India’s Top COVID-19 Vaccine Makers Halt Production, "Dumb Luck" and a New Variant


Maybe it’s a positive sign that two biopharmaceutical companies in India have decided there’s so little demand for their COVID-19 vaccine that they’ve halted manufacturing. We can only hope that it means the pandemic may be coming to an end. For that and more COVID-19 news, continue reading.

India’s Two Vaccine Makers Halt Production as Demand Drops

India’s top two major COVID-19 vaccine manufacturers, the Serum Institute of India (SSI) and Bharat Biotech, have stopped manufacturing COVID-19 vaccines. The two companies were responsible for more than 98% of COVID-19 vaccines in the country with Covishield and Covaxin. But because demand is now down, they have halted production at their facilities. Their supply deals with the government of India ended on March 31 and there are no new orders. They intend to shift focus to non-COVID vaccines.

A source with SII said, “Whatever batches of Covaxin are in production will be finished and dispatched. The vaccine takes 120 days to make. Thereafter, there will be no Covaxin production until we have definite orders.”

The World Health Organization (WHO) recently suspended the supply of Bharat’s Covaxin via UN procurement agencies. The WHO also recommended that countries receiving the vaccines take appropriate actions, without specifying what those actions might be. The suspension is apparently related to post-emergency use listing inspections. WHO stated that there was no indication there were safety or efficacy issues with the vaccine.

Why Some People Don’t Catch Covid

A peculiarity of COVID-19 is how some people get seriously ill, while others have no symptoms or don’t get infected at all after exposure. Several researchers have suggested that, aside from specific known risk factors, such as age, obesity and diabetes, it’s mostly “dumb luck.” The results of a “challenge trial” in the U.K. — where volunteers are intentionally infected with the virus — have yet to show a specific reason why some don’t become infected, although the data is still being analyzed.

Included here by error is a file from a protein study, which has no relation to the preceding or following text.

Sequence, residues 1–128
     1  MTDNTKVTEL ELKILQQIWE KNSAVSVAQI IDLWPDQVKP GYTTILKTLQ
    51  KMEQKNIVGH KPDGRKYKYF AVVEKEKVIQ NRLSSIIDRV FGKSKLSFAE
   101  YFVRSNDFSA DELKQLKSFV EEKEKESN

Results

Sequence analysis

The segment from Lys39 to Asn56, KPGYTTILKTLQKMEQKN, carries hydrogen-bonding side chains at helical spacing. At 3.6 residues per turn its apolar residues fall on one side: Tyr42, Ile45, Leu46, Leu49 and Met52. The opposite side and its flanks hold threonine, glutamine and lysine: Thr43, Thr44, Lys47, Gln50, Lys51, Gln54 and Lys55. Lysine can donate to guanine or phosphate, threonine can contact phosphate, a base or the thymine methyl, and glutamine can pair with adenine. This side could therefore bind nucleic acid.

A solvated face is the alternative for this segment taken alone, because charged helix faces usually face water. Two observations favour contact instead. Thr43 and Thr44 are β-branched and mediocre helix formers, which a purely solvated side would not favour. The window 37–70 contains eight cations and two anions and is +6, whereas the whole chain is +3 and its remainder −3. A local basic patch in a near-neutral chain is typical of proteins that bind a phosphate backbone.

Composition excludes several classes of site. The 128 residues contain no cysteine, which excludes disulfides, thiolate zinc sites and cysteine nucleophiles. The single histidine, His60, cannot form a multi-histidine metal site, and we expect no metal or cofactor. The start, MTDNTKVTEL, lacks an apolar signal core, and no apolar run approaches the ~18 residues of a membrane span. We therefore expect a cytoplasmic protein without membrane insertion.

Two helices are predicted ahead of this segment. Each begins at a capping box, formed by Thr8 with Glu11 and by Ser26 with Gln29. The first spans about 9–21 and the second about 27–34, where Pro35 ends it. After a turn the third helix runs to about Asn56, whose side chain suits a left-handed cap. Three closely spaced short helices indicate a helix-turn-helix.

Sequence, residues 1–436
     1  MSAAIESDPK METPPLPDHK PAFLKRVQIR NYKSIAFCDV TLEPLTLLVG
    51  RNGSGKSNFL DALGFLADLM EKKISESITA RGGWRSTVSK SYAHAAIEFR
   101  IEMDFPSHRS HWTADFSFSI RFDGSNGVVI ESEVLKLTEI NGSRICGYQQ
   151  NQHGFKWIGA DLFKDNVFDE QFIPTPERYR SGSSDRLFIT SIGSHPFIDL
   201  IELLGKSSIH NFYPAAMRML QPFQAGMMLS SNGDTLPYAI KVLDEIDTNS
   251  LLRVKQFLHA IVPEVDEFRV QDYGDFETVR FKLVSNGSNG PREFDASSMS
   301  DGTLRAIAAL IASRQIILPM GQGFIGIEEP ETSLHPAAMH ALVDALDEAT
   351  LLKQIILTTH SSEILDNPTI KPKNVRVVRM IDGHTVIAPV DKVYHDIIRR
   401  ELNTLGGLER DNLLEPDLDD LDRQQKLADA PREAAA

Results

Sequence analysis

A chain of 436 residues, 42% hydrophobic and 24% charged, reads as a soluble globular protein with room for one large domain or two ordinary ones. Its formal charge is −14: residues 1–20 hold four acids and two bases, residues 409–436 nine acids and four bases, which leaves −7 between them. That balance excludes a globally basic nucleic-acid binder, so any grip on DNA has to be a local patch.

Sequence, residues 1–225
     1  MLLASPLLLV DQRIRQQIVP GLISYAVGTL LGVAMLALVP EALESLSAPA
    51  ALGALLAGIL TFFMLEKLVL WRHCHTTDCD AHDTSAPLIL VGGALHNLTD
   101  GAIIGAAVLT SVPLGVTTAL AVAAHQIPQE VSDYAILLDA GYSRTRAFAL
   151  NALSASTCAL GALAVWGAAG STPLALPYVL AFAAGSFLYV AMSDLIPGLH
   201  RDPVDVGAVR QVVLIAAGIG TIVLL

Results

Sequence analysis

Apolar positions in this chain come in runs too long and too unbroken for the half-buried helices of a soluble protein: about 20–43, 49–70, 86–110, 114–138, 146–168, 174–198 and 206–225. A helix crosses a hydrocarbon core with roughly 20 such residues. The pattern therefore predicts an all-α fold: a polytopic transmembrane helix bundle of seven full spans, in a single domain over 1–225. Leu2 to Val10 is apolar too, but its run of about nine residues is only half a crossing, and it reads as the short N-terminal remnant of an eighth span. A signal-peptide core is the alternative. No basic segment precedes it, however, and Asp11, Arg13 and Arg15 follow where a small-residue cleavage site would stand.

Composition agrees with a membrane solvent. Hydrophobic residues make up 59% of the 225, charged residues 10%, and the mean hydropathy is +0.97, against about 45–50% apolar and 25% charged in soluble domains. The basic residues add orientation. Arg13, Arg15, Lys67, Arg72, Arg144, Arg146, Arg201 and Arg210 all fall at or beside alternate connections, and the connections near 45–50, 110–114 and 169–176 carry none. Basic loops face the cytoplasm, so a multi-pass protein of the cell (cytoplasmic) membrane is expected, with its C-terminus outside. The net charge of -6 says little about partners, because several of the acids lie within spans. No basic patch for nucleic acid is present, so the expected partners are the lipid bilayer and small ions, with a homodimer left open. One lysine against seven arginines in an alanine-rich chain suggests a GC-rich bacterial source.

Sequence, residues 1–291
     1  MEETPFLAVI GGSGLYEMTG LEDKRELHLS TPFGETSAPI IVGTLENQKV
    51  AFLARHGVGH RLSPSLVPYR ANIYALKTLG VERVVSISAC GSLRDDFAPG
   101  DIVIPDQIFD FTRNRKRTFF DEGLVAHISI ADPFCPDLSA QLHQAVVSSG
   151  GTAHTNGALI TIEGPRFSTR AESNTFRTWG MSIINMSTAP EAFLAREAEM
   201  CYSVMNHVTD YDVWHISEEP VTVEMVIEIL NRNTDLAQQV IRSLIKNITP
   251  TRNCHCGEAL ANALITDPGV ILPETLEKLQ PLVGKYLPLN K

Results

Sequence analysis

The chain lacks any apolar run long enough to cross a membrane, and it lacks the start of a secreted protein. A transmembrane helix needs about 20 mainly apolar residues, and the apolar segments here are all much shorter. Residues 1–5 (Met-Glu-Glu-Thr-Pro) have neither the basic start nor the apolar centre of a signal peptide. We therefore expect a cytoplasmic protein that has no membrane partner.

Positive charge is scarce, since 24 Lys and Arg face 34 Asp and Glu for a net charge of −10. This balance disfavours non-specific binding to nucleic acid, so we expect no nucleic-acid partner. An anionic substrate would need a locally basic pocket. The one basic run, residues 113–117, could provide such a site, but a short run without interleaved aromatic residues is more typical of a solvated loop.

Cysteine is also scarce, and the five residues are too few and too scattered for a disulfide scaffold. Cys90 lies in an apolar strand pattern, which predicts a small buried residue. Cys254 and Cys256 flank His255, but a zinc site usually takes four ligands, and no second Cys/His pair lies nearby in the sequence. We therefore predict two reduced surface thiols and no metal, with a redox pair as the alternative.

Certainly, for people who are vaccinated and have breakthrough infections, exposure plays a major role. In other words, it likely requires significant exposure. Another study found that about 10% of patients who developed severe COVID-19 pneumonia have a common genetic variant.

Current China Outbreak Appears to Be a New Subtype

China has been reporting a new surge, with more than 13,000 new COVID-19 infections. In a patient who lived about 43 miles from Shanghai, the virus was isolated with a new variant that seems to have evolved from the BA.1.1 branch of Omicron. It’s not the same subtype that exists in other parts of China or that has been submitted to GISAID, a global database of coronavirus mutations. Of the 13,000 cases reported, 12,000 have been asymptomatic. At the moment, 25 million people in the Shanghai area are under some type of quarantine.

In Hong Kong, the head of a team of Chinese medical experts urged for wider use of traditional Chinese medicine to treat COVID-19 patients at home. Others have suggested that those with mild COVID-19 cases should be placed into home isolation instead of centralized quarantine at a government facility. At least part of the issue in China is that it has only approved domestically manufactured vaccines, which do not perform as well as some of the other international vaccines, such as the Pfizer-BioNTech and Moderna mRNA vaccines.

Man Gets 90 Vaccines to Perpetrate Fraud

In Germany, a 60-year-old man reportedly received about 90 COVID-19 vaccinations so he could sell forged vaccination cards with real vaccine batch numbers. The buyers, presumably, are people who did not want to get vaccinated. The man was from the eastern German city of Magdeburg. He has not been jailed but is under investigation. He appeared at a vaccination center in Eilenburg in Saxony for the second day in a row, and local police confiscated blank vaccination cards and launched criminal proceedings.

Germany has been undergoing a surge of cases, but most pandemic safety measures ended on Friday. Wearing masks isn’t mandatory in grocery stores and most theaters, but it is still required on public transportation. Schools have largely dropped mask mandates. German public health officials think the surge caused by the BA.2 Omicron subvariant may have peaked.

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